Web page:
Top 11 Things to Do in St. Kitts

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The island of St. Kitts, one half of the twin island nation of St. Kitts and Nevis, has a relaxed and authentic Caribbean charm. Discover the island’s sugar history, hike through the rainforest, get active on the water or just relax on one of the island’s picture-perfect beaches. Taxis are readily available around the cruise port terminal to explore any one of these popular sites if you want to explore on your own. Here are our top 11 things to do when you cruise to St. Kitts.

Hike Through the Rainforest
For less experienced hikers visiting the Caribbean island of St. Kitts, rainforest trails are available near the Wingfield Estate.
Credit: Heather on Her Travels

For Experienced Hikers

The mountains that form the backbone of St. Kitts are covered with natural rainforest, teeming with birds and home to the Vervet monkeys. The most demanding hike is to the top of Mount Liamuiga, which is best done with a local guide and definitely requires a good level of fitness. The six-mile hike should take a little under three hours to complete, and once you make it to the top you will be rewarded with spectacular views.

For Casual Hikers

For a less difficult hike, head to the Sky Safari Zipline at the Wingfield Estate where you’ll find a trailhead that you can walk on your own. A stream trickles beside the trail, and aerial roots and vines tangle in the tree canopy. It’s a peaceful walk but it’s not as quiet as you might expect due to its close proximity to the Sky Safari ziplining activities.

Hop on the St. Kitts Scenic Railway
While visiting St. Kitts, board the St. Kitts Scenic Railway for an excursion that provides views of Mount Liamuiga.
Credit: Heather on Her Travels

This narrow-gauge railway was built in the 1920s to transport sugar cane from the plantations around the island to the processing factory in Basseterre. While sugar production has ceased, visitors can still board the double-decker St. Kitts Scenic Railway, passing over the steel bridges with views over the fields on the slopes of Mount Liamuiga. Rum punch is served while the guide gives an entertaining account of the sugar industry on St. Kitts, and at the end you’ll return by bus or by catamaran to where you started. The departure time varies but most cruise lines offer this excursion and it only take about three to four hours. Giving you a little time to do some exploring on your own.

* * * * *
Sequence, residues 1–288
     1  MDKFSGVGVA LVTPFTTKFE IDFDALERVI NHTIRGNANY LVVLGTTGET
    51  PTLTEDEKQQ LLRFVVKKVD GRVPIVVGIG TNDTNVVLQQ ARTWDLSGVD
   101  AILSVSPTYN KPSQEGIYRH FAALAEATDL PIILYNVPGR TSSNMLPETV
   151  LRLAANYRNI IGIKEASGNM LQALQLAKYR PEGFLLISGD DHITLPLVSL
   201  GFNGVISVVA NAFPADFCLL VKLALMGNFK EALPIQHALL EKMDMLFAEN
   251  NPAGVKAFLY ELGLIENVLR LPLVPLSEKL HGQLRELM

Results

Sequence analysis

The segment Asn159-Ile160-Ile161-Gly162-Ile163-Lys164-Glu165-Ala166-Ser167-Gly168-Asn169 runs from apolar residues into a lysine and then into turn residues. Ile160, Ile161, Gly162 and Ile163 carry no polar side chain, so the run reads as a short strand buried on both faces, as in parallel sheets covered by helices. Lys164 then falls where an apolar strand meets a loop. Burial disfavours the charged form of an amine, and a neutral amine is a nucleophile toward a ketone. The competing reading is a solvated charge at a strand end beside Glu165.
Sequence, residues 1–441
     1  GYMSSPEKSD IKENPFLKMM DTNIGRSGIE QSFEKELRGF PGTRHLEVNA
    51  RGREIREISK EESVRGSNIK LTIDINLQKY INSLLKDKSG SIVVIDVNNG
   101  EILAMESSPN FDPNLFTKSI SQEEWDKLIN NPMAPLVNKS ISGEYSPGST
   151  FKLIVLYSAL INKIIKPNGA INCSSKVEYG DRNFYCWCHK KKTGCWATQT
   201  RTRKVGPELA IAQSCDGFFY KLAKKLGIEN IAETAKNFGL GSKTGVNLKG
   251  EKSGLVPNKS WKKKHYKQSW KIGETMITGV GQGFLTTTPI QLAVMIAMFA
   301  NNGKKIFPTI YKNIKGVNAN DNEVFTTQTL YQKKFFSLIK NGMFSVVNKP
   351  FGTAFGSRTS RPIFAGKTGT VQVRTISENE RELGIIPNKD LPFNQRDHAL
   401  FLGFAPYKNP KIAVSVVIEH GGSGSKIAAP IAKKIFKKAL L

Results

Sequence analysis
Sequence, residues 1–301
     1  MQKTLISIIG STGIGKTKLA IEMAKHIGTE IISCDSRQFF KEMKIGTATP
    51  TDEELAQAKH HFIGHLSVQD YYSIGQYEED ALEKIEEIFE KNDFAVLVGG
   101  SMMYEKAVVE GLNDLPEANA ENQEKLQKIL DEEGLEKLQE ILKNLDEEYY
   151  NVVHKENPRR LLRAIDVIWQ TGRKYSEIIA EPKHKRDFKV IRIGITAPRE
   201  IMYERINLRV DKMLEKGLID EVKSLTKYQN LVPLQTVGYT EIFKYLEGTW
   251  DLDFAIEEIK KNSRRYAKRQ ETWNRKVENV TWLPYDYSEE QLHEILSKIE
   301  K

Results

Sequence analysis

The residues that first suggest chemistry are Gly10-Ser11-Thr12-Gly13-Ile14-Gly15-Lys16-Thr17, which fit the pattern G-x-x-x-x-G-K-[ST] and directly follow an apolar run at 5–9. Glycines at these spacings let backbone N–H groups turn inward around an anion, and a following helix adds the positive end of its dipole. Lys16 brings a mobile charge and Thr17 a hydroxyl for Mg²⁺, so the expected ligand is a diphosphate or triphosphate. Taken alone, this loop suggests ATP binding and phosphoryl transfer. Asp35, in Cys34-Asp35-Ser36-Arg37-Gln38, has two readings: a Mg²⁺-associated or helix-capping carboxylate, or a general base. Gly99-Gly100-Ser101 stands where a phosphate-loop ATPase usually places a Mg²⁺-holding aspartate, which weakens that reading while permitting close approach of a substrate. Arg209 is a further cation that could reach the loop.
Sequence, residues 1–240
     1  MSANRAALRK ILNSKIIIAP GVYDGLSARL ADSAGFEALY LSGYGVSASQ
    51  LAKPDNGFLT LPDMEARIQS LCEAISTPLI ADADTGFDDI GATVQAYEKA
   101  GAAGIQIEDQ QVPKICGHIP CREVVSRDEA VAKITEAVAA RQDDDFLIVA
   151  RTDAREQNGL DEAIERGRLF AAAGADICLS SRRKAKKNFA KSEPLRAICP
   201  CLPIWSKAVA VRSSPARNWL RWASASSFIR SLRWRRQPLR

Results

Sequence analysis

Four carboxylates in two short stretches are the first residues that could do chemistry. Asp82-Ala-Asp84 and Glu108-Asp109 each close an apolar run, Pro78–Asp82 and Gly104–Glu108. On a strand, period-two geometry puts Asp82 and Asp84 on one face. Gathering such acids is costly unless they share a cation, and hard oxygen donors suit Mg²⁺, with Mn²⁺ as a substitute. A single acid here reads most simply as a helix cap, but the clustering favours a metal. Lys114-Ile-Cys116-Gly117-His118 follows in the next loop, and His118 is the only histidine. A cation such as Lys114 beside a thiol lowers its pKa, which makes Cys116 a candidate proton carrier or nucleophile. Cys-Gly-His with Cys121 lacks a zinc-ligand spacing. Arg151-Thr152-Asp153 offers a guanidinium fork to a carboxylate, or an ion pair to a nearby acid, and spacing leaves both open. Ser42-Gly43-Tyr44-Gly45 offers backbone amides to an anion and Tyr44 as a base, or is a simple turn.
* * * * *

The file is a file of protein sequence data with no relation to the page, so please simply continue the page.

Try Flyboarding Over the Water
St. Kitts has an array of waterspouts available on Cockleshell beach, such as flyboarding, kayaks and paddleboards.
Credit: Heather on Her Travels

There are plenty of watersports options on St. Kitts, from glass-bottomed kayaks to exhilarating flyboarding that uses water jets to shoot you high in the air. While most beaches will have kayaks, snorkels or paddleboards to rent, the best range of water crafts and activities can be found at St. Kitts Watersports on Cockleshell beach. If you want to get some snorkeling in, ask about their jet-ski safari, during which you'll be taken to nearby snorkeling spots.

Party on a Popular Beach or Relax on a Remote Beach
One of St. Kitt's most popular beaches, Cockleshell Bay is home to a wide range of beach bars and is a great place to relax.
Credit: Heather on Her Travels

If all this activity sounds too much and you just want to lime (another word for relax) like a local, we recommend a taxi ride to the beaches on the South East peninsula. Cockleshell Bay is one of the most popular beaches on St. Kitts, with a wide range of beach bars and lounge chairs to rent, although it can get crowded if there are multiple ships in port.


Frigate Bay, only two miles from capital Basseterre is one the liveliest of them all. This is where you'll be able to windsurf, swim, and even water-ski. Oh, yes—and drink fruity cocktails or whatever your beach beverage of preference may be.

For a quieter option, try South Friar's Bay, where you can rent a lounge chair at the Carambola Beach club or grab a hammock at the more rustic Shipwreck Beach Bar at the other end of the beach.  

Looking for something a bit more remote? The black sands of Dieppe Bay are one of the St. Kitts most unusual beaches. This is the Atlantic side, so you'll do less swimming, and more getting your feet wet. After lunch at the nearby Golden Lemon hotel, slather on the SPF and settle in a beach chair. Whether you choose a book or a Nook, chances are you won't get much reading done before you fall into a sun-kissed slumber.

Reserve Tee Times at Royal St. Kitts Golf Club

Located on the grounds of the St. Kitts Marriott Resort in Basseterre, this 18 hole par-71 course has extraordinary layout boasting water hazards on 10 holes, 80 bunkers and a multitude of coconut palm trees along the Atlantic Ocean. The Royal St. Kitts Golf Club’s 125 acres of lush grass allows golfers to play two full holes on the Caribbean Sea and three complete holes on the Atlantic Ocean. These views will for sure make your friends back home jealous.  

Explore the Entire Island
Explore St. Kitts by by visiting the National Museum in Basseterre, which features an array of exhibits.
Credit: Heather on Her Travels